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Discussion Starter · #1 ·
I am looking around for a good plug-in dehumidifier. It seems most of the ones I have come across are either desiccant gel (either in a clam type enclosure or a can), or it is a rod that is nothing more than a heating element.

Is there any kind of dehumidifier that I can get that plugs in so I don't have to maintain it much that isn't simply a heater? I'd rather have something that sits on a shelf in the safe, but if it requires a side wall mount or something I'm sure I can figure it out too.

Ideas?
 

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I've used three different types:

  • Desiccant "cans" -- Periodically need to be stuck into the oven to dry out the granules. But these work fairly well. Can add more if more power is needed. Sits on the shelf in the safe. 750gm can.

  • Desiccant units that plug-in to renew -- When the color changes, simply plug in overnight to dry out the contents, then reinstall on the shelf in the safe. A bit on the small side, the unit I got. EvaDry 333.

  • Golden rod -- Plugs in and stays plugged in, but it is "just" a heater. Keeps the air moving a bit, and keeps it warmer. Effective, easy to use. Requires a power outlet next to the safe, of course, and a hole for the cord out the back. Sits at the base/back of the safe, out of the way of the shelves, and stays there.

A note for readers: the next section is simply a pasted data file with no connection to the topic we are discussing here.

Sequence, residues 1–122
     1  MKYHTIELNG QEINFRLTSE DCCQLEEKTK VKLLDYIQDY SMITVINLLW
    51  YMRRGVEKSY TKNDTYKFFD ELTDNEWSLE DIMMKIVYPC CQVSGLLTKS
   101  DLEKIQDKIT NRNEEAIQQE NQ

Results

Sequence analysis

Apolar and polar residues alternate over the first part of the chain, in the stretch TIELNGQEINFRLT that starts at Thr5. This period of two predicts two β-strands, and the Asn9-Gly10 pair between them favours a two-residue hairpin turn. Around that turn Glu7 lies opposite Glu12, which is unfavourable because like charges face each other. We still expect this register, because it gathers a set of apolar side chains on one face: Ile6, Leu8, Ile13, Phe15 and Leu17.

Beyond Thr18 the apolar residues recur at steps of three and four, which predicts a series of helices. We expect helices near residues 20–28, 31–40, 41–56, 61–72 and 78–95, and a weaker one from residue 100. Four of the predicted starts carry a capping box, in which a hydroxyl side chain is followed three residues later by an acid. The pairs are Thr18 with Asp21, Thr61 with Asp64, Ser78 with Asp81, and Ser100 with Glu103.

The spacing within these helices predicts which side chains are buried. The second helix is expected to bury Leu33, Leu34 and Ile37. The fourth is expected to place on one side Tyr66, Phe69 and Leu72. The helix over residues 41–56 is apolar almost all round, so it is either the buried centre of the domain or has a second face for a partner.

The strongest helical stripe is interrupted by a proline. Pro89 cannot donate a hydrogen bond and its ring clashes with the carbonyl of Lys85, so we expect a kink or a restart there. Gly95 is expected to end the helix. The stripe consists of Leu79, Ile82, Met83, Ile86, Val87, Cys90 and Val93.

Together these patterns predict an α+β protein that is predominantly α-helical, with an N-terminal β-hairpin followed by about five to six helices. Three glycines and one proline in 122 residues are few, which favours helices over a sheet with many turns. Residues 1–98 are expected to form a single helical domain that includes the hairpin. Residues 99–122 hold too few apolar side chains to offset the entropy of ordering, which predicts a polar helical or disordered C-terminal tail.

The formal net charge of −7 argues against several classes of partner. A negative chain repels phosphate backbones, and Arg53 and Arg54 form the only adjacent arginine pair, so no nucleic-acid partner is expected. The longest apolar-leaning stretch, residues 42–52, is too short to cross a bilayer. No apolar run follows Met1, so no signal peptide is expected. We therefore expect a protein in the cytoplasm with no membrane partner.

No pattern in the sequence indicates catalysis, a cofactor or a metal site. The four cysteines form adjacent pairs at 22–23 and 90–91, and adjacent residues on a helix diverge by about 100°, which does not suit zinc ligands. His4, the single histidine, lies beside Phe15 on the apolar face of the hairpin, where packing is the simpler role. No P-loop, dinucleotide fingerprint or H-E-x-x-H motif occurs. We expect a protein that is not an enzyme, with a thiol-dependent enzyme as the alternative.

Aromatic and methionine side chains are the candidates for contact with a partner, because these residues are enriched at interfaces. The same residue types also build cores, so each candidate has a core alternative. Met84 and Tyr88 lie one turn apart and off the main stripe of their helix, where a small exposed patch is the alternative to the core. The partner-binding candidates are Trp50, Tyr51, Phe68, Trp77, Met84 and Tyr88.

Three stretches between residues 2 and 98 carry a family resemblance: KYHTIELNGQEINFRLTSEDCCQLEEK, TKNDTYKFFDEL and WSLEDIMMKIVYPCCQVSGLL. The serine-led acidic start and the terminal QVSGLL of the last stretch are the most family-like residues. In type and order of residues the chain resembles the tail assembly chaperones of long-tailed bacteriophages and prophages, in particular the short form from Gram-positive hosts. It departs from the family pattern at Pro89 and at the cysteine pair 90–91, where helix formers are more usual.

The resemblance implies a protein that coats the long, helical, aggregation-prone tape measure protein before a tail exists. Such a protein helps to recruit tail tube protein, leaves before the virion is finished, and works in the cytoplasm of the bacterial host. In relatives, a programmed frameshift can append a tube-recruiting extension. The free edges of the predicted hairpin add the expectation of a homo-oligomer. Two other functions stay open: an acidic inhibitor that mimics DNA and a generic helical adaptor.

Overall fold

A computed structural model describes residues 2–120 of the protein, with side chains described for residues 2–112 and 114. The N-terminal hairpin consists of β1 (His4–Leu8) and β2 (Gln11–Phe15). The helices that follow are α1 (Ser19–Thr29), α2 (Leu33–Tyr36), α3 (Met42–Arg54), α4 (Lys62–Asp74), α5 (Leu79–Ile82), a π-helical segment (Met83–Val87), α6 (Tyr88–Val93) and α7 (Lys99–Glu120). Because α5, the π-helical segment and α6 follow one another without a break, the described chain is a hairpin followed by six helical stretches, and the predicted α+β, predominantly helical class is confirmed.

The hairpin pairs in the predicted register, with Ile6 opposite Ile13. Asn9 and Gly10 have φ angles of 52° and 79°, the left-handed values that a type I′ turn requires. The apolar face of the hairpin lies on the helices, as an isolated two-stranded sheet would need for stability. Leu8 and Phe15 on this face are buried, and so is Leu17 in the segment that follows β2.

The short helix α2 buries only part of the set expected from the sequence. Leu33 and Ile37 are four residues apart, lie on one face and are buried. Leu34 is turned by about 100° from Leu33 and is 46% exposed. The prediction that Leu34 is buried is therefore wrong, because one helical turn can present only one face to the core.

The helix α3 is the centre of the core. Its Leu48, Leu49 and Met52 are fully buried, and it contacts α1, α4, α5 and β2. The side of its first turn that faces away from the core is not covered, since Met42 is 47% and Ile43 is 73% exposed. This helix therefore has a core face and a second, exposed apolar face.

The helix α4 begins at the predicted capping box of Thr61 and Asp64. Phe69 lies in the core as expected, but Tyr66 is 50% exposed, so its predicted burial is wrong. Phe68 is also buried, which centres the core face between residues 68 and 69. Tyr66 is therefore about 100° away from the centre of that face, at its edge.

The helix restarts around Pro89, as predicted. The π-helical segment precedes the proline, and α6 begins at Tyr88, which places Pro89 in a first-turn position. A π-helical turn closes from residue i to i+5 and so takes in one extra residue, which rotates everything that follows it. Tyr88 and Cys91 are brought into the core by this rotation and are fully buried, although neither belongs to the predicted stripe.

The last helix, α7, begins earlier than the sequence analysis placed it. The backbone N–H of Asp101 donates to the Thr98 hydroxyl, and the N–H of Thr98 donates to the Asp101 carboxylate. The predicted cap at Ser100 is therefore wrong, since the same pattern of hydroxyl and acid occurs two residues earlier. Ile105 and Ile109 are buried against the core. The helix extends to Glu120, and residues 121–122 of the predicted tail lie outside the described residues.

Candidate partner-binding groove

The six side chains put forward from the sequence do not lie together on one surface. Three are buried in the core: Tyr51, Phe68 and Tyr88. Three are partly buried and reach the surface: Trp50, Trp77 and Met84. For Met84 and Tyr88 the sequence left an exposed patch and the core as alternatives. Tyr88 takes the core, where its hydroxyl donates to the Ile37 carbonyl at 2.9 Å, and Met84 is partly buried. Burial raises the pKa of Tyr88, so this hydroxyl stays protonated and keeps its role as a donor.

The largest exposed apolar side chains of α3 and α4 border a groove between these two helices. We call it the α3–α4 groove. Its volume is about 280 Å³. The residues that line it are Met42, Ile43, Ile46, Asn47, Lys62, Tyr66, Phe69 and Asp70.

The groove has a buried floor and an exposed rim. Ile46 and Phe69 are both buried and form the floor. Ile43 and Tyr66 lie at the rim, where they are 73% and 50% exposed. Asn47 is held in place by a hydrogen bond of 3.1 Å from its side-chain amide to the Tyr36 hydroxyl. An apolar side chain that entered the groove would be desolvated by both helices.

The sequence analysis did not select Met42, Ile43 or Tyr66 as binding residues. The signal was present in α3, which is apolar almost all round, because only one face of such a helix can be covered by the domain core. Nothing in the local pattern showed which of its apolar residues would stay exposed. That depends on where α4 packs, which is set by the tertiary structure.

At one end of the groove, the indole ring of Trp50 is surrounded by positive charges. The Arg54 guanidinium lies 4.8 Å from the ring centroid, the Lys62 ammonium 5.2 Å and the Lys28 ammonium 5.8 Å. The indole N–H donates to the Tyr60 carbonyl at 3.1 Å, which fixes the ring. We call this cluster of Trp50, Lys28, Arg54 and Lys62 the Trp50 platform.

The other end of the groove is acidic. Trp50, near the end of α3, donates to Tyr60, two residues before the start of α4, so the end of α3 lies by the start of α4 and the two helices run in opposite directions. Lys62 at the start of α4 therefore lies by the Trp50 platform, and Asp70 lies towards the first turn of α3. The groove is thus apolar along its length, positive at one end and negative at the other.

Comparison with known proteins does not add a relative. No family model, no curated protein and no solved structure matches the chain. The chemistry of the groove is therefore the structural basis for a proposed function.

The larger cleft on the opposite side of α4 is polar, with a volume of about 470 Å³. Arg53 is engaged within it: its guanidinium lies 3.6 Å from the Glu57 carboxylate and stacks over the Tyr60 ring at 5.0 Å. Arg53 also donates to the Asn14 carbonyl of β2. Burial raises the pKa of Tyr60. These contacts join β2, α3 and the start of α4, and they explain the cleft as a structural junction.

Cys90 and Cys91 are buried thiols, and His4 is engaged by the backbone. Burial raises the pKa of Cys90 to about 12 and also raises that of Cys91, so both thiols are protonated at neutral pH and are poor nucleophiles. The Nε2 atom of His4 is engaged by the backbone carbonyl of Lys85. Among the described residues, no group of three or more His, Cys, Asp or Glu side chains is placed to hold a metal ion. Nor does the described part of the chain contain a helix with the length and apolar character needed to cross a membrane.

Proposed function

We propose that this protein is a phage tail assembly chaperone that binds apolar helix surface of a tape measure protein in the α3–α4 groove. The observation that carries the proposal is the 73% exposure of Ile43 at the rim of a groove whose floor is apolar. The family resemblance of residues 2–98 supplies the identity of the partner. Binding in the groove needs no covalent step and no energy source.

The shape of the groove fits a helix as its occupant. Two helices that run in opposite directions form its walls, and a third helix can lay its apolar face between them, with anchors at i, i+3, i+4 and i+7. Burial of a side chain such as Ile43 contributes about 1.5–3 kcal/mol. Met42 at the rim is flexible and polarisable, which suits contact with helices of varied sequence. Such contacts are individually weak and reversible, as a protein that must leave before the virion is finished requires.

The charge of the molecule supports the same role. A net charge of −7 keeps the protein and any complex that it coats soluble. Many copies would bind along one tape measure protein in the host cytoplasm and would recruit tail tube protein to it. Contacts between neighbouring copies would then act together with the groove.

I've never had numerous guns with older wooden stocks, so I haven't been overly worried about having too much dehumidifying power. In a ~60x30x30 safe, I've had 1x large desiccant gel can, 1x plug-in variety desiccant, and 1x golden rod. Together, I've never noticed any condensation or evidence of the beginnings of rust. Overkill, almost certainly, using all three. Uncertain what the "right" amount of drying power is, but this combination has worked for me.
 

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In the safe a big desiccant bag is pretty much the best thing going. A coffee can of hard rice is a close second. My safes are in my boiler room, which is noticeably dry even in the summer, and downright desert like in the winter. I think placement of your safes in the driest place in your house is more important than anything else.